P2.11 Forecasts during persistent valley cold pools in the Bonneville Basin by the North American Mesoscale Model

Wednesday, 1 September 2010
Alpine Ballroom B (Resort at Squaw Creek)
H. Dawn Reeves, NOAA/NSSL, Norman, OK; and K. L. Elmore, G. S. Manikin, and D. J. Stensrud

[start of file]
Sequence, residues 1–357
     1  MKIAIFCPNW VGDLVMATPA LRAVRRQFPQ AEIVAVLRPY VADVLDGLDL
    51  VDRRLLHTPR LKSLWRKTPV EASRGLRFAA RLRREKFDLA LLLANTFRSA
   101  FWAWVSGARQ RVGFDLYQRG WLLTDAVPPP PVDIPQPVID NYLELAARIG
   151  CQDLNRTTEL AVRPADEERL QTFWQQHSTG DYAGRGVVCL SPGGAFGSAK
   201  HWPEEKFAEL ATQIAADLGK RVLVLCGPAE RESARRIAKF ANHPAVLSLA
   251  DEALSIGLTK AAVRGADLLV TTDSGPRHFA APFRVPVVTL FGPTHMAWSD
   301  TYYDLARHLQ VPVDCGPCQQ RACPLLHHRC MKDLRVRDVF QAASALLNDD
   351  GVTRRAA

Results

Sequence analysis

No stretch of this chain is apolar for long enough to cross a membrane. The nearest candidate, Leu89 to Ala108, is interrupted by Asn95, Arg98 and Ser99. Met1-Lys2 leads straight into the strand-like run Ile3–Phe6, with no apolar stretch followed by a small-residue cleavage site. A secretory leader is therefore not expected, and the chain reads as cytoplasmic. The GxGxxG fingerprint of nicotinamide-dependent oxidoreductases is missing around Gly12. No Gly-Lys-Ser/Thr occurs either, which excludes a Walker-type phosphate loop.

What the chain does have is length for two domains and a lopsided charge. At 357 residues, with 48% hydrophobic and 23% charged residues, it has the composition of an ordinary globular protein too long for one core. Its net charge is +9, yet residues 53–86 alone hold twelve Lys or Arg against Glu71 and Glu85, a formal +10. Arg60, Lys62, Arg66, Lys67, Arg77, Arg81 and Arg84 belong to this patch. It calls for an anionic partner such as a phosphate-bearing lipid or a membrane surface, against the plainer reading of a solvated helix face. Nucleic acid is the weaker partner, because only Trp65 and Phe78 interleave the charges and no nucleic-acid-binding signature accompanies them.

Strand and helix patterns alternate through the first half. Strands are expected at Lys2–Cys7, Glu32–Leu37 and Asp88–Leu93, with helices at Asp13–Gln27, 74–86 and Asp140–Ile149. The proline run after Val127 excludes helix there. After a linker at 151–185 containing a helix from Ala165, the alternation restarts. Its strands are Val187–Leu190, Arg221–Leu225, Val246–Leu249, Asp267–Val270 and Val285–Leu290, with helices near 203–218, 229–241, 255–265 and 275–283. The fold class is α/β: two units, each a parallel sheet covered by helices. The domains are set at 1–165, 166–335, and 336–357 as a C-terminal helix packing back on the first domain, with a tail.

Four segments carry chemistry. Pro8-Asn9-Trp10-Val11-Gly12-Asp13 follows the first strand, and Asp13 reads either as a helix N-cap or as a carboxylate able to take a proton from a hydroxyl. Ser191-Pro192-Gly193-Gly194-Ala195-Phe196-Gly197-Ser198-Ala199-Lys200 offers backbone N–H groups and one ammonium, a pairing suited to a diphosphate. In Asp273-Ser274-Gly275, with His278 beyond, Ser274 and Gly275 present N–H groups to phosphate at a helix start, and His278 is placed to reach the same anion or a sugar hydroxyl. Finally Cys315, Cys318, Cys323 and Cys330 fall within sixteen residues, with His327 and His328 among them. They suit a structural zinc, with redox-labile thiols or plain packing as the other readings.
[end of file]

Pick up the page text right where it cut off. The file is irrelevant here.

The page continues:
Forecasts from the 12-km North American Mesoscale (NAM) model for three winter seasons are considered to assess how well this model forecasts low-level temperature and humidity during persistent cold pool events in the Bonneville Basin of Utah. Statistical comparisons of forecast to observed 2-m temperature and dew point show forecast accuracy does not significantly decrease as lead time increases. Additionally, for stations in the basin, errors in temperature and dew point are not statistically different from 0 K at 0000 UTC, but forecasts valid at 1200 UTC have a strong warm bias. There is a strong moist bias in dew point at either time in the western part of the basin. Along the basin rim, there is a cold bias that is especially pronounced during the day. Sensitivity experiments are conducted with the NAM model to determine the causes of the errors. Within the basin, improved forecasts are observed when the land use and soil-water freezing threshold are adjusted to better approximate typical conditions during winter over an alkali flat. The strong daytime cold bias along the rim is the result of inaccurate parameterization of low-level temperatures over snow in the land-surface model.
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